Civil/Structural Engineering, Vashon, Washington, USA 206-463-5311
Ellisport Engineering Blog
One of the Best Seminars I've Ever Attended

In the late 1990's, the Puget Sound Region experienced heavy rains, followed by a heavy wet snow, and then a fast melt.  The result:  Many Landslides.


After things calmed down, the local geotechnical society held an all-day seminar to talk about landslide types and causes.  Hills will often shed their top layer (surface slough slide) every 40 - 50 years, roughly correlated to the lifetime of alder trees, which are part of the slide debris and cause much damage.

Regarding landslide mitigation, the lessons were clear:
  1. A slope is in a tenuous state of equilibrium.  Protect your slope and especially the toe (base) of the hill.  Do not cut into the toe, unless you provide an alternate and equal means of support, such as a retaining wall.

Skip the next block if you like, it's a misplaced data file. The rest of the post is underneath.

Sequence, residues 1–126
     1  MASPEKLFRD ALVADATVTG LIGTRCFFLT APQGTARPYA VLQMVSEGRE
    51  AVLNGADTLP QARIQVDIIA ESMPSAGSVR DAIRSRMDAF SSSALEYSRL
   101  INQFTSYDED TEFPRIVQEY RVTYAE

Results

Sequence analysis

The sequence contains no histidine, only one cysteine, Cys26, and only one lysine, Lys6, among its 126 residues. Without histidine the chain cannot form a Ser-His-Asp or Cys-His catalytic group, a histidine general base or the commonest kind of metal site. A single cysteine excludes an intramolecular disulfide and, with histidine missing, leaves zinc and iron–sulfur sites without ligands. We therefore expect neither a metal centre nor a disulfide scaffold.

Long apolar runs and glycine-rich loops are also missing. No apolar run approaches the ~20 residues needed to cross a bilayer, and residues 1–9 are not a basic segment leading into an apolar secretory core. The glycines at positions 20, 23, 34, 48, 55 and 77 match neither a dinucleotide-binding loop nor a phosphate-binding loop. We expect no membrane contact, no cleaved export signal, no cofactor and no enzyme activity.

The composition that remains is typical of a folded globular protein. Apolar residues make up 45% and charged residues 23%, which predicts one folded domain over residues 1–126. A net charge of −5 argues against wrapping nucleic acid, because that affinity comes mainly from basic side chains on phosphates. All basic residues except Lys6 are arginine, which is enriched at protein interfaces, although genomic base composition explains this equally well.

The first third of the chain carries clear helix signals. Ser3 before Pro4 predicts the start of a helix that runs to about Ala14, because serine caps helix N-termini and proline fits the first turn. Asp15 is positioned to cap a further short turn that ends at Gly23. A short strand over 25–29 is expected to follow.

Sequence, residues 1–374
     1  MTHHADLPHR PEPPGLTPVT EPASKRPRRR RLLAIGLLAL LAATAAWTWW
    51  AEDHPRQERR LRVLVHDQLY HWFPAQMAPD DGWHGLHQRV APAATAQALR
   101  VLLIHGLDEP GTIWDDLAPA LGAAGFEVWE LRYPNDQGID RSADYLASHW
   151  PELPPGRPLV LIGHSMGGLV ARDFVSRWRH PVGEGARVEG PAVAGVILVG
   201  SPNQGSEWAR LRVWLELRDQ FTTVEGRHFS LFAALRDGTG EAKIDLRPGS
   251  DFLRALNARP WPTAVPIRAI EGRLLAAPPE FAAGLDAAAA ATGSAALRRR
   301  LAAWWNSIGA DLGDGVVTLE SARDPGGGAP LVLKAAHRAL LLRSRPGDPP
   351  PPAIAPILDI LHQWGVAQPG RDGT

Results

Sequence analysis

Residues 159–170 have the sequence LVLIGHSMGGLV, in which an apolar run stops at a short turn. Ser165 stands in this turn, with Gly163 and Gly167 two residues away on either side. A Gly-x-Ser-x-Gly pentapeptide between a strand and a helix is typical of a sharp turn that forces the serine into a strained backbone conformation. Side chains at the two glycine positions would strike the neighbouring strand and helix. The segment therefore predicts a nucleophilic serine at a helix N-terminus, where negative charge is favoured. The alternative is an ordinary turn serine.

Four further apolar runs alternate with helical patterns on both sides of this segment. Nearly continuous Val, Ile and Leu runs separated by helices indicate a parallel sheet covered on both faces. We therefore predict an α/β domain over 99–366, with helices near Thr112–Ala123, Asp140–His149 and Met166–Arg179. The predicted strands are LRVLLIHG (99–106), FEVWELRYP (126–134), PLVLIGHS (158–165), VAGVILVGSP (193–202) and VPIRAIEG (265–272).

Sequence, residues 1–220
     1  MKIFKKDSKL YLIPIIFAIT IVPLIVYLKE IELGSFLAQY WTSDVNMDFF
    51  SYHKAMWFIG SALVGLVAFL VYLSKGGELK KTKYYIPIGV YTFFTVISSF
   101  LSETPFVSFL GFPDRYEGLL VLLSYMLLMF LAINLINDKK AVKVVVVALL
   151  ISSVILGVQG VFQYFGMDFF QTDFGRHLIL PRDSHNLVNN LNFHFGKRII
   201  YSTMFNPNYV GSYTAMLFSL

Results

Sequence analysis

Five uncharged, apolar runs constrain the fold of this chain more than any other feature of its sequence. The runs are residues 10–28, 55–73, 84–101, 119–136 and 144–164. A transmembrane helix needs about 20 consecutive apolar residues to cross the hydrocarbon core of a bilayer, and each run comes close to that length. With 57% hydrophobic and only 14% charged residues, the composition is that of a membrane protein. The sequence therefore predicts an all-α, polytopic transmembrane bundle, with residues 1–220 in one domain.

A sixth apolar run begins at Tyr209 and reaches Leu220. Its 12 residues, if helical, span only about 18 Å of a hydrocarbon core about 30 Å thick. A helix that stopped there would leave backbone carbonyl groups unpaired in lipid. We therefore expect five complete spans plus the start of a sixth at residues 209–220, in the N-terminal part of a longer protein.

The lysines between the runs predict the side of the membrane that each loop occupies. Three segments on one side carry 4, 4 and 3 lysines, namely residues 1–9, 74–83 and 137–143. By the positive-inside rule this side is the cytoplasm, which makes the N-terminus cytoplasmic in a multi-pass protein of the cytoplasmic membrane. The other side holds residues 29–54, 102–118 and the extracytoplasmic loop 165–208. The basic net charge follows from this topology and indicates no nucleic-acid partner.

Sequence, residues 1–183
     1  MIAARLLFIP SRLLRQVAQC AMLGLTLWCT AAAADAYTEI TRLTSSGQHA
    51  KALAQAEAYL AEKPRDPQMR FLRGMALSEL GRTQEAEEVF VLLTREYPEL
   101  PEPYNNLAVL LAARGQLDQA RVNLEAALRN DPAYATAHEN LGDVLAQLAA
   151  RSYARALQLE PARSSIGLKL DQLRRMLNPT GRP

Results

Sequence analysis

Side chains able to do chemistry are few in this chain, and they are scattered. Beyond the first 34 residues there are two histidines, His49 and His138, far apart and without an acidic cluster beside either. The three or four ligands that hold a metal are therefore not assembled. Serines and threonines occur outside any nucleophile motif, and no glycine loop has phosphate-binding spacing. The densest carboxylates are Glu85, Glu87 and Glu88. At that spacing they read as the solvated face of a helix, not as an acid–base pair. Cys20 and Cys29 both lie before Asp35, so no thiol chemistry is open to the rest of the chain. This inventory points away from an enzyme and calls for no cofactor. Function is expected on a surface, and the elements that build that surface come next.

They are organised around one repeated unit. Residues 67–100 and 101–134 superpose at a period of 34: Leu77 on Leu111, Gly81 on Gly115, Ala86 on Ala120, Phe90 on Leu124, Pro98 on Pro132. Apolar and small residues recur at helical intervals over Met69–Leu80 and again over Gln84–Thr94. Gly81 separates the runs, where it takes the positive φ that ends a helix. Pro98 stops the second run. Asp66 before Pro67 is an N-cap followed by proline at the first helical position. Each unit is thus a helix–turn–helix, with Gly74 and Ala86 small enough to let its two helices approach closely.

2. Collect and control all water draining toward the slope.  A saturated slope is heavier and more susceptible to sliding.
  3. Protect all vegetation on the slope.  Plant native deep-rooted evergreen shrubs and trees.  These will mitigate erosion, and deep roots will help to anchor the hill against sliding.

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